Turkey’s Sinovac test results jar with Brazil’s as confidence in vaccine undercut

Medical experts are warning that fragmental releases of efficacy data for a Chinese-made COVID-19 vaccine could undermine confidence in the shot, Reuters reported on Monday.

Turkish authorities said on Thursday that late-stage trials for CoronaVac, the vaccine developed by Sinovac Biotech, have proven 91.25 percent effective based on an interim analysis. However, Brazilian researchers said the same day that the vaccine’s efficacy was between 50 percent and 90 percent.

Experts cited by Reuters said it was not unusual for a vaccine to show different efficacy rates in various settings due to several factors, such as trial protocols, data size and population, but the release of the CoronaVac results raised questions.

“You really want the data to be compelling at first presentation; this is what Pfizer and Moderna achieved, AstraZeneca less so,” Jerome Kim, head of the International Vaccine Institute, a Seoul-based non-profit agency devoted to research in vaccines, told Reuters.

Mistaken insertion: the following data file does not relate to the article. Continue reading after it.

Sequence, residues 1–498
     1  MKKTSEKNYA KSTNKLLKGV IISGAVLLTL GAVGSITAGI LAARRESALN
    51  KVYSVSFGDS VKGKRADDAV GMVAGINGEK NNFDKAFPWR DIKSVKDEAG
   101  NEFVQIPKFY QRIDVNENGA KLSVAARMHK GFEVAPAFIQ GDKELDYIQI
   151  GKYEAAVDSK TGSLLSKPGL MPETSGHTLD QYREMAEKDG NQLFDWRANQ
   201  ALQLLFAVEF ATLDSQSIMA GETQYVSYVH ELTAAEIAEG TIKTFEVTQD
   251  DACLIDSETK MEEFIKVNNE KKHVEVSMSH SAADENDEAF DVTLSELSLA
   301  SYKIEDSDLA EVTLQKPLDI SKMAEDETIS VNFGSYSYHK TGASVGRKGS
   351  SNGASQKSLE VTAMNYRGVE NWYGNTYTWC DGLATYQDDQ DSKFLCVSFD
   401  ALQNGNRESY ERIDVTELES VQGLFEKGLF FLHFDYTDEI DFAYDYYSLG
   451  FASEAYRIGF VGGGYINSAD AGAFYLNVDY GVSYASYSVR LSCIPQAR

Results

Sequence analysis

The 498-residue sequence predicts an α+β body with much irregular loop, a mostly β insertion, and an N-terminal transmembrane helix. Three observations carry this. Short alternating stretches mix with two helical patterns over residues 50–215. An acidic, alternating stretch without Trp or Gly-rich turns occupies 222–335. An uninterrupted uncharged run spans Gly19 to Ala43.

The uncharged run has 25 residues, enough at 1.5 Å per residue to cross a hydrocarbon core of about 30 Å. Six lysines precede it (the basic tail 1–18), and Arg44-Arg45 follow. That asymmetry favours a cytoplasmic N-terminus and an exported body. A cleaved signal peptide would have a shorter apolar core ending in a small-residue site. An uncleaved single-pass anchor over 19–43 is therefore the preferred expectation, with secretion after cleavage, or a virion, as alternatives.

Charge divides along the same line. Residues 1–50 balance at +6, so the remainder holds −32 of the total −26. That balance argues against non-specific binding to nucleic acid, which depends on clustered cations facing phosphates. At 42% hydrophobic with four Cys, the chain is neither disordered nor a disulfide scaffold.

“With multiple ‘leaks’ of data and suggestions of this or that you don’t see the same effect with Sinovac; perhaps the final presentation in January will be more compelling.”

The data for the Turkish vaccine trial is based on an analysis of 1,322 participants which included 29 infected people, and efficacy evaluations were made 14 days after the second dose was administered, Reuters said.

“It’s difficult to determine how well (the) Sinovac vaccine works based solely on 29 coronavirus cases,” Kim said. “It would be good to have more volunteers and more infections, which would boost the robustness of the efficacy data.”

Turkey released the interim evaluation because it was seeking to grant emergency use authorisation for a COVID-19 vaccine, Reuters said. The Health Ministry has reported a near-daily record of deaths per day related to the coronavirus since Nov. 20.

Dicky Budiman, an epidemiologist at Queensland’s Griffith University, warned greater scrutiny on data compilation and analysis was required for COVID-19 vaccines developed in China due to its inconsistent safety track record.

“This should be analysed very clearly and transparently. And transparency is one of the biggest concerns for China, especially with their vaccine and also because of their track record,” Budiman told Reuters.

“So, this is one of the very important and crucial times for China to show the world how they have improved the quality of their vaccines ... This is something they have to explain to the world through, of course, scientific papers.”